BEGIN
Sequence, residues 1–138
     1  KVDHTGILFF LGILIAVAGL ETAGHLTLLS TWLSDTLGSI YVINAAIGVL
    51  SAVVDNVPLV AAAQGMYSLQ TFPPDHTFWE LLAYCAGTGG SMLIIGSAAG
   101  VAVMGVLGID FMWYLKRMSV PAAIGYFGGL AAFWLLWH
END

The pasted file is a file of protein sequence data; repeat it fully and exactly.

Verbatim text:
Sequence, residues 1–138
     1  KVDHTGILFF LGILIAVAGL ETAGHLTLLS TWLSDTLGSI YVINAAIGVL
    51  SAVVDNVPLV AAAQGMYSLQ TFPPDHTFWE LLAYCAGTGG SMLIIGSAAG
   101  VAVMGVLGID FMWYLKRMSV PAAIGYFGGL AAFWLLWH